The battery pack will automatically shut off if you connect an appliance that draws more than 200 watts of power (a newer version raises the maximum to 500w), so you’ll need to check the power consumption of the devices you want to charge.
If you really want to be prepared, you can get an optional solar panel to recharge the generator using the sun.
5. A Handheld Radio
If you want to get up-to-date information when the internet is down, or you want to preserve your phone’s battery, nothing beats a portable transistor radio. Vondior’s is pocket-sized, and has a mono speaker and AM/FM dial. It’s also got a headphone jack if you don’t want to disturb other people.
You won’t get an audiophile experience when listening to music, but it’s important to keep around in times of crisis, to tune into any important announcements or warnings from officials.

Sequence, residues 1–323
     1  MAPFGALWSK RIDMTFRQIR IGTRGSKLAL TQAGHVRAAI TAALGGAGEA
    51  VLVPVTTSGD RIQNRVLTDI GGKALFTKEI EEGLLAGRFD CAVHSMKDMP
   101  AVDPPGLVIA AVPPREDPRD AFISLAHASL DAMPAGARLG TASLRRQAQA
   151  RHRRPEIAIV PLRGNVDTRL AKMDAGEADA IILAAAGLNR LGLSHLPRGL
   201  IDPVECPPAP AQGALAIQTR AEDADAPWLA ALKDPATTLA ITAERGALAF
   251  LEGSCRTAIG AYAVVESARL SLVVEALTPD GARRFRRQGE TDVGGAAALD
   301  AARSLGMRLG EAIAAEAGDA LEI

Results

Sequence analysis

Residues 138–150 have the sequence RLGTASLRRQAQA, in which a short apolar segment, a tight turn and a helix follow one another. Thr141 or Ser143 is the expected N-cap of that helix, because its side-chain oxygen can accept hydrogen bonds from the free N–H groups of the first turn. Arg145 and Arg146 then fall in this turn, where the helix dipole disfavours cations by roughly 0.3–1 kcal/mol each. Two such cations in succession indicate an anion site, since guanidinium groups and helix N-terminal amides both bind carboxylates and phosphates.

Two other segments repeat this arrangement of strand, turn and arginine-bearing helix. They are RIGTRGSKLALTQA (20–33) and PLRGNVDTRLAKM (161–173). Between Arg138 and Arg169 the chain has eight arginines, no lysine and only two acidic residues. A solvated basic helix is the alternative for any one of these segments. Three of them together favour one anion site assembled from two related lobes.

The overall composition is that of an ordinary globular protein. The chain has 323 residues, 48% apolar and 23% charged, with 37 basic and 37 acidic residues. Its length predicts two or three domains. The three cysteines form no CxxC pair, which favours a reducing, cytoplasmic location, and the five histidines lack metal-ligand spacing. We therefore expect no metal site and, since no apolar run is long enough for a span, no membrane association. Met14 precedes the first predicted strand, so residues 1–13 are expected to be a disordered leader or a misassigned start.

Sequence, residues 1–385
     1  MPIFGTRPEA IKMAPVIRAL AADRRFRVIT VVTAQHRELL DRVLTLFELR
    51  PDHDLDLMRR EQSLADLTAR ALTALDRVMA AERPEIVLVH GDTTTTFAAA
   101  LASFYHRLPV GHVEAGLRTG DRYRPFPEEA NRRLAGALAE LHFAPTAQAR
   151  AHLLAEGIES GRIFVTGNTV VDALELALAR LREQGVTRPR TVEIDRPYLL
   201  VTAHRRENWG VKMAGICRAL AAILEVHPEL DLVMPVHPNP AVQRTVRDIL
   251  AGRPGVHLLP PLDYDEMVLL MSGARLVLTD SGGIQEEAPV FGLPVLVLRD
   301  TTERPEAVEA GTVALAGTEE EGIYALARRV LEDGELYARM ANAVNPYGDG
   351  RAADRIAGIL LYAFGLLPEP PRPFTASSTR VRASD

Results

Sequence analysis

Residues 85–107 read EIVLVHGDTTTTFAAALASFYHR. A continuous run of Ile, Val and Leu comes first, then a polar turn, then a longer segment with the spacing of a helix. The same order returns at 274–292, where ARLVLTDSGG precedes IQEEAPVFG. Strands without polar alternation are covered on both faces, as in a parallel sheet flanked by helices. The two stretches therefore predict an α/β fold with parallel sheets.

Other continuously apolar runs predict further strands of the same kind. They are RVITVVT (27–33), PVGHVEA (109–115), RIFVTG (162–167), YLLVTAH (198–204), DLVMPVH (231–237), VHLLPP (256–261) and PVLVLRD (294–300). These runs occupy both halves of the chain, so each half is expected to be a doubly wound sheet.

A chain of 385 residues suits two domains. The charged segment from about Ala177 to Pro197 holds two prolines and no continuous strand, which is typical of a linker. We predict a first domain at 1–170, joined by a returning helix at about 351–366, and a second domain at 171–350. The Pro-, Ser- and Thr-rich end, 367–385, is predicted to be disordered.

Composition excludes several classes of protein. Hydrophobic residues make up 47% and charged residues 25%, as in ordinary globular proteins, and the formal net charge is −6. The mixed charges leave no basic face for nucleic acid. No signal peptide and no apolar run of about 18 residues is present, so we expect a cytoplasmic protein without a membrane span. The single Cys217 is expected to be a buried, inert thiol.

6. An HDTV Antenna
A TV antenna might seem trivial on this list, but it’s not just about staying entertained while quarantined; a reliable antenna will enable you to watch live broadcast TV for free, which can come in handy during an emergency to check the news and weather.
The channels you get will depend on your area, and the strength of the antenna, and you’ll be limited to a handful of networks like CBS, ABC, NBC, FOX, and PBS. Still, in times of emergency, the HDTV antenna is the visual equivalent of the radio; you’ll get updated information without relying on an internet connection.